Meow Wolf Denver: Convergence Station is the third chapter in Meow Wolf’s pantheon of world-class art installations. It is located just outside downtown Denver, beside Empower Field at Mile High (home of the Denver Broncos).
The Meow Wolf art collective has been around since 2008, beginning in Santa Fe, New Mexico, and expanding to Las Vegas, Denver, and Dallas. Meow Wolf Denver opened in 2021.
Despite being around fifteen years and having overwhelmingly positive reviews, Meow Wolf remains a bit off-radar. So, if you’re thinking about visiting the Convergence Station installment in Denver, here are 10 tips we think could help you decide whether Meow Wolf is for you, or to prepare for what could be your strangest (and best) experience of the year.
Tickets start at $40 and run up to $55. Colorado residents save $10. Parking is $10.
Is Meow Wolf Denver worth the forty or fifty bucks? Absolutely. We encourage you to read more to find out why.
Meow Wolf: Convergence Station is 90,000 square feet of immersive art; a collaborate effort of more than 300 artists with 70+ installations to explore.
If that sounds significant, just wait until you see it.
We imagine someone could spend an entire day auditing the funky features of Meow Wolf Denver. Perhaps more than a day. That said, we “hit the wall” at the four hour mark and left highly satisfied with the experience.
Meow Wolf: Convergence Station is an over-stimulating phenomenon. It’s like going to Trader Joe’s for the first time if Trader Joe’s were a super-weird maze.
One floor is for the employees. Another floor is the main floor where you enter. This is where you find the gift shop, cafe, restrooms, perplexiplex venue, etc.
The Convergence Station art installation is spread over the other three floors. And the top floor isn’t nearly as elaborate as the other two floors.
You will spend most of your time on two floors of the building. An elevator will take you to them.
I am a very organized person, so this one was hard to accept. I asked a few questions at the Info Booth on the entrance level, one of which was, “Is there a map?” She told me, “No, there isn’t a map. But if you somehow find one you shouldn’t trust it.”
So, you’re going to have to explore this 90,000 sq. ft. art installation/maze with zero instructions.
The same woman who told me there was no map gave me this simple advice:
“You are going to be confused. Embrace the confusion. It’s basically the thing.”
She was exactly right. Meow Wolf Denver: Convergence Station is highly disorienting. At first you will have no bearings whatsoever. There is a primary central setting that looks like an outdoor mall; from there an abundance of doors branch off into corridors, staircases, and rooms upon rooms.
You might end up in a movie theater. Or an ice castle. Or a three-story swamp. Who knows?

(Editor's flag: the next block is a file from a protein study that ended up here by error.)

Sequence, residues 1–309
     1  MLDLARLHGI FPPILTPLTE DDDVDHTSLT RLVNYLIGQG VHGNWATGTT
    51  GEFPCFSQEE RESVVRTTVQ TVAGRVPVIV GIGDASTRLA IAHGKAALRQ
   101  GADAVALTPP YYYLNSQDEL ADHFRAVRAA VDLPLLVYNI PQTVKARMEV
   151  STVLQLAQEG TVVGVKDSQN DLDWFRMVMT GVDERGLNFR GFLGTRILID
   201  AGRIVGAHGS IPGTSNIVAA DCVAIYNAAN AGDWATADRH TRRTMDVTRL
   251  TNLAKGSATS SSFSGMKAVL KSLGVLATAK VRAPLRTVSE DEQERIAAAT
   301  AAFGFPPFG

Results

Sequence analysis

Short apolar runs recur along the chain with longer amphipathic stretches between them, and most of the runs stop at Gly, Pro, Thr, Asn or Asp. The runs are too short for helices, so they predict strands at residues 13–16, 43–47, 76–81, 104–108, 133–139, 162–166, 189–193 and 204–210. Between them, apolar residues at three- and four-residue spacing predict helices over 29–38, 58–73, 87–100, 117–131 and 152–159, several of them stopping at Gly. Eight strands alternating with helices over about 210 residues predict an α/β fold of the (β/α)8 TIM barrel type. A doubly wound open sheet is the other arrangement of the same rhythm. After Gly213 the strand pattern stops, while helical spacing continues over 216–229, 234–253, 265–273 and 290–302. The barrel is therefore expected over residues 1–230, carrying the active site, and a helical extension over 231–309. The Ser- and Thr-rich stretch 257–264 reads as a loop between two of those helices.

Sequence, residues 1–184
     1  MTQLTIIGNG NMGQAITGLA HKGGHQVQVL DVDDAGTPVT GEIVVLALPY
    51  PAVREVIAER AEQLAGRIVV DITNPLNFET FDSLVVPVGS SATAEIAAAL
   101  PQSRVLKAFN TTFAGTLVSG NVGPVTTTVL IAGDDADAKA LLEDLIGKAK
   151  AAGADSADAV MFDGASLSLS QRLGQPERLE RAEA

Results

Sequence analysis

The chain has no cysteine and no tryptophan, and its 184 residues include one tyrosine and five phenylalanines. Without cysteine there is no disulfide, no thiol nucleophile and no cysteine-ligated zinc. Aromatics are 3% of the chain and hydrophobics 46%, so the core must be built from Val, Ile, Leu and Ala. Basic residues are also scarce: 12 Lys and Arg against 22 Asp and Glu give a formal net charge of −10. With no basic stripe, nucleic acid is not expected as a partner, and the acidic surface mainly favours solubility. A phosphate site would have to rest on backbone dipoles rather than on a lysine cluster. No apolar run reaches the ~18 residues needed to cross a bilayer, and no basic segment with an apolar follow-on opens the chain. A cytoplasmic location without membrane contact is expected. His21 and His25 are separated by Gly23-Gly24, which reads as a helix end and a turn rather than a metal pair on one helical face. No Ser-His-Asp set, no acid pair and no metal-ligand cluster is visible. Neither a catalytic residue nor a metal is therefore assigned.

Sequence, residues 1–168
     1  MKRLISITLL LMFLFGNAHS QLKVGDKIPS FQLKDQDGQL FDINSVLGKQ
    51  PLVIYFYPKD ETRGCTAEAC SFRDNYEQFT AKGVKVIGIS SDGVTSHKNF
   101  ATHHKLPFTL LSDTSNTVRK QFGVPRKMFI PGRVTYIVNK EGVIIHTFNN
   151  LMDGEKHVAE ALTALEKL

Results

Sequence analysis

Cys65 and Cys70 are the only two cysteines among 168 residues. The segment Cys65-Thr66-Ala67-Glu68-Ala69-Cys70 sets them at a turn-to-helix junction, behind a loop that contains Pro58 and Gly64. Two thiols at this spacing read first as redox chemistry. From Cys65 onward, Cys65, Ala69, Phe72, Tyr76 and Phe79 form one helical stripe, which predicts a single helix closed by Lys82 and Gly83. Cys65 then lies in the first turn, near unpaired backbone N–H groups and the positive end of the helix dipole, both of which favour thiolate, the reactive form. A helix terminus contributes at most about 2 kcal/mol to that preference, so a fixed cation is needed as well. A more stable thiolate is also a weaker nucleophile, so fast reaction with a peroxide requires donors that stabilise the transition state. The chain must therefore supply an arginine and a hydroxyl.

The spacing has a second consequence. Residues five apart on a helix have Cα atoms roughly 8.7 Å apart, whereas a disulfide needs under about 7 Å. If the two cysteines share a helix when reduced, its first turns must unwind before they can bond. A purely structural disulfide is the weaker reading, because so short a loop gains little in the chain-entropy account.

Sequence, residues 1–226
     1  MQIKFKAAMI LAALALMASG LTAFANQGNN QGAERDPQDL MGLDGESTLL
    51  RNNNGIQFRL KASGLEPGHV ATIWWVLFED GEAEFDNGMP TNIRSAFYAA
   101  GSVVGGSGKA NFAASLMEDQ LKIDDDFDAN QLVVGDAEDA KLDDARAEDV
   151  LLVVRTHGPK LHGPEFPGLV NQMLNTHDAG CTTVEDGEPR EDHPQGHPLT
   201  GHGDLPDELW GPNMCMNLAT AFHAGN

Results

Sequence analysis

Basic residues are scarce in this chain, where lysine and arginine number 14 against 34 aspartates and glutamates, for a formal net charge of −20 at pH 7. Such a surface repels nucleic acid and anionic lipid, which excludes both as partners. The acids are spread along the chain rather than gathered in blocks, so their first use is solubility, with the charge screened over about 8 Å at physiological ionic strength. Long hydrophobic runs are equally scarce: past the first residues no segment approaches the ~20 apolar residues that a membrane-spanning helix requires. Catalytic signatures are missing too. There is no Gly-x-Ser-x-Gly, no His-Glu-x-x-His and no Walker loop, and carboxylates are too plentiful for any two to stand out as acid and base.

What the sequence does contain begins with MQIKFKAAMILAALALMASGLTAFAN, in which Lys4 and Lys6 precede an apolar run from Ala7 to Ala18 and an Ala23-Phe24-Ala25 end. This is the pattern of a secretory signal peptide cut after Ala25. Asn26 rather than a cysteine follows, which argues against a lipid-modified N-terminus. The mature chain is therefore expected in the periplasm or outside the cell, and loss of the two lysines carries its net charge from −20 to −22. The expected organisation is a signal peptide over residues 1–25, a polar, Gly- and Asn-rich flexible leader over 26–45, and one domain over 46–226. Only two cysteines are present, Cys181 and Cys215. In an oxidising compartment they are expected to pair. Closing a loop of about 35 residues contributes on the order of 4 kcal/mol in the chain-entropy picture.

The room in which you arrive might have a door in the back corner, or maybe not. It could be full of doll parts, or mimic an 80’s style pizza restaurant. There might be televisions showing the strangest commercials or interviews you could ever imagine. You might find yourself watching that television for ten minutes, wondering, “Who the $#%! made this?”
Count on it, actually. You are going to have your mind blown that someone actually made all this.
I don’t want to give up too much here. Meow Wolf Denver isn’t just an eclectic assembly of rooms, ante-rooms, and hallways. Something connects the drama, but its weird and not apparent.
In essence, the future allows people to travel intergalactically via a transporter called, “The Transmonic Rift Access Mechanism system (TRAM)”. Remember, this is all made up.
Denver is the first TRAM location available on earth. The TRAM makes travel to the Convergence possible, which is, “four alien worlds joined together in a rare cosmic event — a place where memories are currency.” This is your setting.
You will eventually discover the layout of Meow Wolf Denver is broken up into 4 “Lands”:
C Street: An urban sanitation district with alleyways, shops and a “creative political system”.
Eemia: A city that boasts an elaborate Kaleidogothic Cathedral and is struggling to reconnect with the rest of its planet.
Ossuary: An ancient underground world that stores memories, knowledge and secrets in its subterranean catacombs.
Numina: a six-dimensional sentient habitat that may have opted into the Convergence to observe the way other beings live.
Ahem… if you are observant enough you will figure out which “worlds” are which and will notice when you are in the heart of one or another. They blend together — and everything is just plain odd — so most of the time it is unclear where you are or what is “really” happening.
But if you look closely in a handful of places you will notice incredibly descriptive things. You can sit at a computer full of files and read through them — there are endless odd accounts of the Convergence.